It is mandatory to register captured elephants with the DWC but it is believed bogus licences were created with assistance of internal sources, making seizure of the captive elephants difficult.
Following the change of government, however, then then deputy minister Wasantha Senanayake led the capture of several illegally kept elephants, some in temple premises.
One argument given by the captive elephant owners is that the elephants are part of Buddhist and cultural events. But many people point out that true Buddhism does not encourage animal cruelty and that particularly during the training period the elephants suffer stress.
While the current initiative to capture illegally-held elephants is a very good first step it is pointless unless the root cause of the issue is addressed pointed out an elephant conservationist who wished to remain anonymous.
All the illegal captures occurred because the perpetrators were confident of getting “permits” for them or did not consider it a problem to keep an elephant without a permit.
Those who issued fraudulent permits have to be brought to book and all illegally captured elephants should be confiscated, he added. It is also important that those who held such elephants should be penalised.
A transparent and strict permits system is vital. No amount of regulation will be effective if people engage in fraud. Even DNA typing of elephants would not help as it was open to abuse and there cannot be any public oversight of it, the expert said.
He suggested that public viewing access to the permit system would prevent it being abused. A publicly accessible website could have details such as name of owner, history of ownership, age and height of elephant, with pictures of the elephant.
This would be easy to set up as there are only a few hundred elephants in captivity, the conservationist said.
|Do Buddhist rituals need captive elephants?Although a compassionate religion such as Buddhism would not promote animal cruelty in any form, Sri Lanka has a rich cultural history in which where elephants – especially tuskers – are used for cultural events.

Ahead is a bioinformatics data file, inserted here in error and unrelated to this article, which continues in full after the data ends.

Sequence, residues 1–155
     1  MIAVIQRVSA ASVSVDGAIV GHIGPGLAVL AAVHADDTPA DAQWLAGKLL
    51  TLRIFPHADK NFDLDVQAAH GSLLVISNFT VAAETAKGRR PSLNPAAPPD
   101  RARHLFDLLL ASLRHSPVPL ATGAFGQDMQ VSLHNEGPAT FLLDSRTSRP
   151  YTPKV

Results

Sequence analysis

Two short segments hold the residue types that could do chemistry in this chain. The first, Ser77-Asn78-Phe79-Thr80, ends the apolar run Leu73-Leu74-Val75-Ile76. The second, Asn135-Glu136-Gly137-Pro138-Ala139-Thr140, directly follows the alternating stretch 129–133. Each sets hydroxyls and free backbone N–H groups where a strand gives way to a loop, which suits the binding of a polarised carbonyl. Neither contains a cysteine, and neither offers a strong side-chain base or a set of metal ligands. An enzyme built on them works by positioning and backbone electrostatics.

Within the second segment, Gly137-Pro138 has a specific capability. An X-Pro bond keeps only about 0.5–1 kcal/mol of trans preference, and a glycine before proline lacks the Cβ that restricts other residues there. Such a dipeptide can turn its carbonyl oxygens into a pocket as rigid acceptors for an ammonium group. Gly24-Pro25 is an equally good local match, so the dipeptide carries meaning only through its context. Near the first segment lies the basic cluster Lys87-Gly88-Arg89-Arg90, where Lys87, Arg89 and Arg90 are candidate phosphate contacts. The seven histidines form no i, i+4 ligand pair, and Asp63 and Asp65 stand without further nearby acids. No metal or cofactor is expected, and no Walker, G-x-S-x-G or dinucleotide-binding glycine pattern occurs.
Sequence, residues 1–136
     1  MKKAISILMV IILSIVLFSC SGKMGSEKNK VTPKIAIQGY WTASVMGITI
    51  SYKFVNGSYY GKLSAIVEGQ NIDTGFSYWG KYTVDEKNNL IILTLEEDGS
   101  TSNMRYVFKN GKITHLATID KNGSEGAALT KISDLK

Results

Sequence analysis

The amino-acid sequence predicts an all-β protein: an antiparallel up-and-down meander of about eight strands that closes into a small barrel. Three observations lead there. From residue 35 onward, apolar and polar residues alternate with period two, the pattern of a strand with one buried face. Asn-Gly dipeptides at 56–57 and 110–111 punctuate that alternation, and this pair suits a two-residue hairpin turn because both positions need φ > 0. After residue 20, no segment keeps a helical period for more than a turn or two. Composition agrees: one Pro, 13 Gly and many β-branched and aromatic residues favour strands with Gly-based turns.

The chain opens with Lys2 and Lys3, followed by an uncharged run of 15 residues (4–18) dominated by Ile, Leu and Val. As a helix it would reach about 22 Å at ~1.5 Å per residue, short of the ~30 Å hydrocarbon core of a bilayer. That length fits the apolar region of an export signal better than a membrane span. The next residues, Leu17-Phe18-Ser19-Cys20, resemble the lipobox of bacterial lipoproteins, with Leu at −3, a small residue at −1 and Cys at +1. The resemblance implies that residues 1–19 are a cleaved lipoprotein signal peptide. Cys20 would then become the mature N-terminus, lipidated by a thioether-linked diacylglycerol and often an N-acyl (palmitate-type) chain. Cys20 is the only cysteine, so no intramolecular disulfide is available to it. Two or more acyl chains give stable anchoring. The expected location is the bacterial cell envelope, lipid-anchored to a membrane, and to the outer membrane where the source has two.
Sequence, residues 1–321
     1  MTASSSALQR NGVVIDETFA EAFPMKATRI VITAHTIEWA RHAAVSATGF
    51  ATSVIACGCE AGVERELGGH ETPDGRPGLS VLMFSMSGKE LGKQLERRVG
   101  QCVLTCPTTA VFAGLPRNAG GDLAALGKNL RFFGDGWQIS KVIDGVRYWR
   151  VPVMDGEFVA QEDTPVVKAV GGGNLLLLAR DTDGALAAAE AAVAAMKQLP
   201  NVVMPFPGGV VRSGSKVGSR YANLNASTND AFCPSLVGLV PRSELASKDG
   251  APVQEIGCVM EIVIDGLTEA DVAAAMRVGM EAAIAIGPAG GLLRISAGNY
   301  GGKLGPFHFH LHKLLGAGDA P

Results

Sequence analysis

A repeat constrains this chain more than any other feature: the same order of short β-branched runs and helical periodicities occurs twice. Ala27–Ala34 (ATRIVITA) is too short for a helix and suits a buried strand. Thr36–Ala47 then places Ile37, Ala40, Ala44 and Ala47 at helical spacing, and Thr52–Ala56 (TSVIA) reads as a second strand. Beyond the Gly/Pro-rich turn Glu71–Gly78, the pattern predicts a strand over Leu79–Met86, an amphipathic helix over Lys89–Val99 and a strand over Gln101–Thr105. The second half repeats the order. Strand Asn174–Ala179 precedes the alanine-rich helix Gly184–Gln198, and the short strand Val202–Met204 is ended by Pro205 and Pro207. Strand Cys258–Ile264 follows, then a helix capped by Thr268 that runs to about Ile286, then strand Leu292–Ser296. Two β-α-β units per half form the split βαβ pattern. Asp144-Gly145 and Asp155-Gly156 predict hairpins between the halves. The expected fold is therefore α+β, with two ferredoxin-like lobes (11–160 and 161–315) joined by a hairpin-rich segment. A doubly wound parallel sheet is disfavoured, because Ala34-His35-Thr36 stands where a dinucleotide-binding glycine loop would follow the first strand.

A tusker is used to carry the sacred casket in pageants, so many elephant owners trying to justify the need of captive elephants name this practice in their arguments.
A disastrous mooted solution was to train rogue elephants to take part in cultural events, the justification being that these elephants would be killed soon anyway while raiding crops and settlements.
As an experiment, two rogue elephants were captured from the wild for rehabilitation. One was given to the Pinnawela Elephant Orphanage while the other was handed over to temple authorities.
This brought disastrous results. The elephant given to the Maligawa to be trained tried to escape, suffering severe cuts from his chains as a consequence.
It died following months of suffering. The other elephant spent nine years chained at Pinnawela with no training attempted.
A former director of the Zoological Gardens and the Pinnawela Elephant Orphanage, Brigadier. H.A.N.T. Perera, suggested training a unit of elephants kept at Pinnawela to perform in cultural events.
In that way, the unit would be trained centrally and looked after well at Pinnawela, making monitoring easier. Unfortunately, this innovative proposal was stifled.
Environmentalist Sajeewa Chamikara points out that there is a lack of trained mahouts to look after captive elephants in private hands and that because of this elephants are often subject to unnecessary beatings and other cruel treatment which increases their stress and ultimately shortens their lives.
This would make the creation of a team of elephants kept under a single roof at Pinnawela even more logical as the establishment had trained mahouts, environmentalists point out.
The seizure of the 20 captive elephants could provide another opportunity to try out this idea.